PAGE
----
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The Passenger Car and the Greenhouse Effect
ISSN: 0148-7191, e-ISSN: 2688-3627
Published October 01, 1990 by SAE International in United States
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Concern is mounting over the possibility of global warming from the greenhouse effect. Carbon dioxide from the combustion of fossil fuel is a major greenhouse gas, and automobile exhaust is one of its contributors. The only way to decrease carbon dioxide emissions from a car consuming carbonaceous fuel is to decrease its fuel consumption. The best alternative fossil fuels offer a carbon dioxide reduction of about 20%. Without introducing any new greenhouse-gas controls, it is projected that the total greenhouse-gas contribution of the average car will be halved from recent levels just through fleet turnover and already planned elimination of the current air-conditioning refrigerant. If global warming develops into a serious problem, cars can be operated without fossil fuel. Leading options include battery-electric cars using nuclear power and engine-propelled cars burning biomass-derived alcohol or hydrogen extracted from water with solar cells or nuclear power.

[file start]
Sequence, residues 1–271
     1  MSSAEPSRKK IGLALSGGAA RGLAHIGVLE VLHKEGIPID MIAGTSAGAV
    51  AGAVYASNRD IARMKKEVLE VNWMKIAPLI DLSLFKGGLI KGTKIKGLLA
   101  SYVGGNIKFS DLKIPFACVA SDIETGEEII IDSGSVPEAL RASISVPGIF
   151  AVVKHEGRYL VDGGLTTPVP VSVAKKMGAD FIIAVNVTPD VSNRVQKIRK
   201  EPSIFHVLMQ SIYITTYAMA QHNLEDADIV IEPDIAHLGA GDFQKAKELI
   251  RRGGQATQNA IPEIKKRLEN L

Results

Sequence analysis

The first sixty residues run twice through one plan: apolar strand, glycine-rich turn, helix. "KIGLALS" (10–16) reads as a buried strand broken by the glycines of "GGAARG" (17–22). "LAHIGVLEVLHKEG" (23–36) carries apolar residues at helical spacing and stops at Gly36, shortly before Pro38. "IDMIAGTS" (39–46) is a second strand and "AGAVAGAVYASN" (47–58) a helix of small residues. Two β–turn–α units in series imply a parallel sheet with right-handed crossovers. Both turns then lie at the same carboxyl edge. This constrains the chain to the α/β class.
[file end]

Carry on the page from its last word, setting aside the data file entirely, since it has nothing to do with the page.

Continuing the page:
CitationAmann, C., "The Passenger Car and the Greenhouse Effect," SAE Technical Paper 902099, 1990, https://doi.org/10.4271/902099.
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